[The Queen drops a box ; Pisanio takes it up.
So much as but to prop him ?- Thou tak’st up
Thou know'st not what; but take it for thy labor.
It is a thing I made, which hath the king
Five times redeemed from death ; I do not know
What is more cordial :-Nay, I pr’ythee, take it;
It is an earnest of a further good
That I mean to thee. Tell thy mistress how
The case stands with her; do't, as from thyself.
Think what a chance thou changest on;4 but think
Thou hast thy mistress still; to boot, my son,

1
e. grow cool.

2 To change his abode. 3 That inclines towards its fall.

4 « Think with what a fair prospect of mending your fortunes you now change your present service.” It has been proposed to read :

“ Think what a chance thou chancest on ;”

and,

“ Think what a change thou chancest on.” But there seems to be no necessity for alteration.

Who shall take notice of thee. I'll move the king
To any shape of thy preferment, such
As thou'lt desire ; and then myself, I chiefly,
That set thee on to this desert, am bound
To load thy merit richly. Call my women;
Think on my words. [Exit Pisa.]—A sly and con-

stant knave;
Not to be shaked; the agent for his master;
And the remembrancer of her, to hold
The hand fast to her lord.--I have given him that,
Which, if he take, shall quite unpeople her
Of liegers for her sweet; and which she, after,
Except she bend her humor, shall be assured

Re-enter Pisanio and Ladies.
To taste of too.—So, so ;-well done, well done.
The violets, cowslips, and the primroses,
Bear to my closet.-Fare thee well, Pisanio;
Think on my words. [Exeunt Queen and Ladies.
Pis.

And shall do ; ?
But when to my good lord I prove untrue,
I'll choke myself; there's all I'll do for

you.

[Exit.

SCENE VII. Another Room in the same.

Enter I MOGEN.

Imo. A father cruel, and a step-dame false; A foolish suitor to a wedded lady, That hath her husband banished ;-0, that husband ! My supreme crown of grief! and those repeated Vexations of it! Had I been thief-stolen, As my two brothers, happy! but most miserable

1 A lieger ambassador is one that resides in a foreign court to promote his master's interest.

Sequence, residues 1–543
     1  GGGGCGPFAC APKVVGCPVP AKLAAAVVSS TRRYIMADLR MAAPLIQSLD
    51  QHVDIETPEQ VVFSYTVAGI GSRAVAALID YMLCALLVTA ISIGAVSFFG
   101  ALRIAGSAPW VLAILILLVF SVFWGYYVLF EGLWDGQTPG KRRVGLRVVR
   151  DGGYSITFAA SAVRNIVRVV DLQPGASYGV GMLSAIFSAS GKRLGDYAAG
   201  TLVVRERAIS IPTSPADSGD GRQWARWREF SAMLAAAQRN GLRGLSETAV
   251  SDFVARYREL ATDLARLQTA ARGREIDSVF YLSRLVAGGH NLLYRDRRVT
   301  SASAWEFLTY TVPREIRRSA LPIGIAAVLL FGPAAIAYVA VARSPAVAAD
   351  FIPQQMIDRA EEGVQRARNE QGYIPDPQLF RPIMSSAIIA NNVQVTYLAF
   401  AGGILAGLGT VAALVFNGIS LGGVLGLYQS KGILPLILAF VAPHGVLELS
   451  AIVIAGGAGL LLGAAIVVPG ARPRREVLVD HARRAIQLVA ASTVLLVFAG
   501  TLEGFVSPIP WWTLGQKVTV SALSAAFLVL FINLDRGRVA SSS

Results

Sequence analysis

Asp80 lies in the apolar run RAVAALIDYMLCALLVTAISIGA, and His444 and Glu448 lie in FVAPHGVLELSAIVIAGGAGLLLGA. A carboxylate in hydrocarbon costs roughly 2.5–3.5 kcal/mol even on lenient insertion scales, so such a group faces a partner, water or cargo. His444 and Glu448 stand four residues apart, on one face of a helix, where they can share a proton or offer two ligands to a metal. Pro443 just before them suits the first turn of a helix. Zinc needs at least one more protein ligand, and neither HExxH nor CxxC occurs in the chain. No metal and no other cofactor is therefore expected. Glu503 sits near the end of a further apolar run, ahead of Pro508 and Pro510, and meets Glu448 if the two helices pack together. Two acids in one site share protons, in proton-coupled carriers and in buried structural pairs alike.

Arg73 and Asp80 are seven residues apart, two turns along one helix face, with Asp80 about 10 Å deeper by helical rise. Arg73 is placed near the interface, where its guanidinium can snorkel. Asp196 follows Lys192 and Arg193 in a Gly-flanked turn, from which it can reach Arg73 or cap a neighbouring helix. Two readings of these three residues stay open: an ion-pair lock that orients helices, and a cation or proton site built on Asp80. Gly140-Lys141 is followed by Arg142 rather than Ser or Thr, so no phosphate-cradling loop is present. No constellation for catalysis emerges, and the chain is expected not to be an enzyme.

2 Some words, which rendered this sentence less abrupt, and perfected the metre of it, appear to have been omitted in the old copies.

Is the desire that's glorious. Blessed be those,
How mean soe'er, that have their honest wills,
Which seasons comfort.—Who may this be? Fie!

Enter Pisanio and IACHIMO.
Pis. Madam, a noble gentleman of Rome,
Comes from my lord with letters.
Iach.

Change you, madam ?
The worthy Leonatus is in safety,
And greets your highness dearly. [Presents a letter.
Imo.

Thanks, good sir; You are kindly welcome. Iach. All of her, that is out of door, most rich !

[Aside. If she be furnished with a mind so rare, She is alone the Arabian bird ; and I Have lost the wager. Boldness, be my friend ! Arm me, audacity, from head to foot! Or, like the Parthian, I shall flying fight; Rather, directly fly.

your truest ?

Imo. [Reads.] He is one of the noblest note, to whose kindnesses I am most infinitely tied. Reflect upon him accordingly, as you value

LEONATUS. So far I read aloud ; But even the very middle of my heart Is warmed by the rest, and takes it thankfully.— You are as welcome, worthy sir, as I Have words to bid you; and shall find it so, In all that I can do. lach.

Thanks, fairest lady.What! are men mad ? Hath nature given them eyes To see this vaulted arch, and the rich crop

1 Imogen's sentiment appears to be, “ Had I been stolen by thieves in my infancy, I had been happy. But how pregnant with misery is that station which is called glorious, and so much desired.”

2 The old copy reads, trust. The emendation was suggested by Mason; is defended by Steevens; and opposed by Malone.